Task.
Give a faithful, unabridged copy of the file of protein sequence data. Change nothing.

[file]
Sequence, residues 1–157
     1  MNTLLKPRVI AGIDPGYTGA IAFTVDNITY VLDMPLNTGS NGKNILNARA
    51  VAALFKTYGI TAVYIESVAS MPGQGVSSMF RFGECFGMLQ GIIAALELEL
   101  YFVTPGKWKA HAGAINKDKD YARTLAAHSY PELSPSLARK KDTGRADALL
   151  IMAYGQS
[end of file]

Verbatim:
Sequence, residues 1–157
     1  MNTLLKPRVI AGIDPGYTGA IAFTVDNITY VLDMPLNTGS NGKNILNARA
    51  VAALFKTYGI TAVYIESVAS MPGQGVSSMF RFGECFGMLQ GIIAALELEL
   101  YFVTPGKWKA HAGAINKDKD YARTLAAHSY PELSPSLARK KDTGRADALL
   151  IMAYGQS